The Department of Education’s student loan suspension program is set to expire in the coming months, meaning interest and repayments on federal student loans will resume for the first time in over three years. Interest will begin accumulating on federal student loans on Sept. 1, while payments are set to restart in October.
The Supreme Court struck down a debt relief initiative that offered up to $10,000 in student debt forgiveness for non-Pell Grant recipients and up to $20,000 for Pell Grant recipients in a June decision.
In response, the Biden administration announced several new programs to provide student debt relief.
The Department of Education announced in July that it would cancel $39 billion in federal student loans for 804,000 borrowers under existing income-driven repayment (IDR) plans. Under the loan forgiveness program, borrowers are eligible for forgiveness if they have made 20 or 25 years of monthly payments under an IDR plan.
IDR plans adjust borrowers' monthly payments based on their income and family size, potentially lowering borrowers’ financial burden.
The Biden administration also launched an early beta application for the Saving on a Valuable Education plan, a new IDR plan which borrowers with direct federal loans qualify for. Borrowers are eligible to sign up this summer before payments resume in October.
The SAVE plan comes in two phases, with the first phase launching in the coming months and the second rolling out in 2024. This year, borrowers under the SAVE plan will see the income exception rise to 225% above federal poverty guidelines and will not be penalized with growth of unpaid interest so long as they make their principal payments on time. Married couples who file their taxes separately will not need to include spousal income in calculations.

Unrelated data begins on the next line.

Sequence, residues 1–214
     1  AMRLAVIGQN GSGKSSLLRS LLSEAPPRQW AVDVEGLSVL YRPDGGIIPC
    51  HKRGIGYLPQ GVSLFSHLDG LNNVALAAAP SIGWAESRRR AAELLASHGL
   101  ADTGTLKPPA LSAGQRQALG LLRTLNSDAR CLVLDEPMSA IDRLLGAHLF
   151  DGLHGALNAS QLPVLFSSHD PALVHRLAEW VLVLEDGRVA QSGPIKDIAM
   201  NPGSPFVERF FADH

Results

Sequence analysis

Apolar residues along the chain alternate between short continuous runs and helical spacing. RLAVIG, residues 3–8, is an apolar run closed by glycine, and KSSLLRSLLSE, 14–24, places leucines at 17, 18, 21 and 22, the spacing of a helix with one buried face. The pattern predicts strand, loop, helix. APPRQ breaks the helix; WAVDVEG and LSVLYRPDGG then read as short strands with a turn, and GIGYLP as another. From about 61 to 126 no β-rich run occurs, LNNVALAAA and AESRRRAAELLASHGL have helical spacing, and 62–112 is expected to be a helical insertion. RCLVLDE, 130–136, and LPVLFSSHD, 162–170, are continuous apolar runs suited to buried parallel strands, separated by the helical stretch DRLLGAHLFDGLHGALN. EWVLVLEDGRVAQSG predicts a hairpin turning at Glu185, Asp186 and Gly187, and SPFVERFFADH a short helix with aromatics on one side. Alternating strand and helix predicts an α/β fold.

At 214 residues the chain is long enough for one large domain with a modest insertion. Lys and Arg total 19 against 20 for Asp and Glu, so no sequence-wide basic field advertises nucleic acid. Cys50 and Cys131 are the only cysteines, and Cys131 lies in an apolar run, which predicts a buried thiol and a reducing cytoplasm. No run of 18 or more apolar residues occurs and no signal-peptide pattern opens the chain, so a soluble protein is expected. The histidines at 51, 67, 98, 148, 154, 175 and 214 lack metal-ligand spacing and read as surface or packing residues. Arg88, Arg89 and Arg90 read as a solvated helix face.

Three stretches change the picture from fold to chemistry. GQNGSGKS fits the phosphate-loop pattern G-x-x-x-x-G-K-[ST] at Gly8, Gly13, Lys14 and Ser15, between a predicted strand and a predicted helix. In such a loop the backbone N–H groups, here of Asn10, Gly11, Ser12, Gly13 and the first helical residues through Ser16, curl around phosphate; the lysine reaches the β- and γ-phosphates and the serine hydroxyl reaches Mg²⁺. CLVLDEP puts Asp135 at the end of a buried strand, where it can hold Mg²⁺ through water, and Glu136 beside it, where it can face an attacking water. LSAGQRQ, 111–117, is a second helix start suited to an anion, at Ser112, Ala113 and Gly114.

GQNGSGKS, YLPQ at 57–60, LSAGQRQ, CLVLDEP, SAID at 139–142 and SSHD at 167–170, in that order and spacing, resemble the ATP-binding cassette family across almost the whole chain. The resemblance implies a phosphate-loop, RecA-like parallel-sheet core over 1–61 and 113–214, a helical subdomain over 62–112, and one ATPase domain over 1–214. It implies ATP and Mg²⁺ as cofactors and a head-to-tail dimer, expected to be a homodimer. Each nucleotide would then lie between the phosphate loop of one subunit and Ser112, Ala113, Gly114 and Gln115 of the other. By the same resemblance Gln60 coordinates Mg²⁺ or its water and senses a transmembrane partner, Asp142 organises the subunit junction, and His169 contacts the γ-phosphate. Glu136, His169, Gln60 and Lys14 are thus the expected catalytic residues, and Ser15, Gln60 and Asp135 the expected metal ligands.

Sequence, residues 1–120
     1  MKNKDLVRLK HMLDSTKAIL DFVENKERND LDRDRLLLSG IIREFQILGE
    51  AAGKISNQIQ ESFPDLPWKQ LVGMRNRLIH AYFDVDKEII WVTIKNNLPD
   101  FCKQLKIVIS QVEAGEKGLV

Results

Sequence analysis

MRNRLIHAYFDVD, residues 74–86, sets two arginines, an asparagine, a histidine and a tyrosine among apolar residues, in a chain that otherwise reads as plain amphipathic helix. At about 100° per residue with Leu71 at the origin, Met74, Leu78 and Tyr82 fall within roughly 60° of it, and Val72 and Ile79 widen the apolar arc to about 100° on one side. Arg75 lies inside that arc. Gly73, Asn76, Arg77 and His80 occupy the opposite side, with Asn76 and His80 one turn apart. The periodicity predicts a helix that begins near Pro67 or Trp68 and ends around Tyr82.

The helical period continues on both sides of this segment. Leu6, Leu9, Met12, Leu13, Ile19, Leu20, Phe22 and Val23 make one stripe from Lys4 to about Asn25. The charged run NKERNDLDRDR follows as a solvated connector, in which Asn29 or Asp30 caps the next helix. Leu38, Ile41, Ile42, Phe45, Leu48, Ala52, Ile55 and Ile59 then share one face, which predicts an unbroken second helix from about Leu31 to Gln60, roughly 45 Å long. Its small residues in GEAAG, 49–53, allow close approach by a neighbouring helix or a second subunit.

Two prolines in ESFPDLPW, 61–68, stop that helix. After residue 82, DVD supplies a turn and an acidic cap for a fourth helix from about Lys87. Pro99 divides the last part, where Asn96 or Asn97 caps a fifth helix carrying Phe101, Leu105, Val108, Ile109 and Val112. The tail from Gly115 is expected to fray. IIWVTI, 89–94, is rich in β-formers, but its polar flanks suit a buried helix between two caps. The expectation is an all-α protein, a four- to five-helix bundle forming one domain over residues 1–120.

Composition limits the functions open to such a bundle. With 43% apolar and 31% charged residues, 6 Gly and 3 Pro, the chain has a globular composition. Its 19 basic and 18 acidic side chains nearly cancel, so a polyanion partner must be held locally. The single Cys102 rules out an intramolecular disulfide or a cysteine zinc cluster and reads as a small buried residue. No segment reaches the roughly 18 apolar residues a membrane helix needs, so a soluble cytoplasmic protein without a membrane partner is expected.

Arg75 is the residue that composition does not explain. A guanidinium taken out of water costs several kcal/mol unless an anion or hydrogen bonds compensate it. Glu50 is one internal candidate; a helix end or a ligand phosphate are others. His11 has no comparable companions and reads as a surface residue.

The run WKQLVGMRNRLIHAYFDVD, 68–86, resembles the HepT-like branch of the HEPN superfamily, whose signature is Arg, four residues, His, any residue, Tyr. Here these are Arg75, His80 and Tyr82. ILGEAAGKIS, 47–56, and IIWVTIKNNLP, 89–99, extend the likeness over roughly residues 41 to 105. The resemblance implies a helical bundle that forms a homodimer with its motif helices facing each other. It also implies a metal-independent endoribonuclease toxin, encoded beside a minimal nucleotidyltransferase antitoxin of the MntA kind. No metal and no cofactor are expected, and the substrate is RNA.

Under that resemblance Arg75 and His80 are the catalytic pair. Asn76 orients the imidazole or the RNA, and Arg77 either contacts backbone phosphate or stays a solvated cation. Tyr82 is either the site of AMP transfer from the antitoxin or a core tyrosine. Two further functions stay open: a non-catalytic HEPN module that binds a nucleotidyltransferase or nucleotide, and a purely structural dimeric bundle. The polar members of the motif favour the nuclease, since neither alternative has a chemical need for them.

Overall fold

Nearly 44 million people currently have federal student loans, amounting to a nationwide outstanding federal student loan debt of $1.64 trillion. Almost 27 million federal loan borrowers currently have their loans suspended.
As of August 2022, about 30% of Duke undergraduates take out student loans. The average student debt for those students was $24,219. As of March, the median debt when all Duke students graduate was $13,500, below the national average.
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Jazper Lu is a Trinity junior and managing editor of The Chronicle's 119th volume.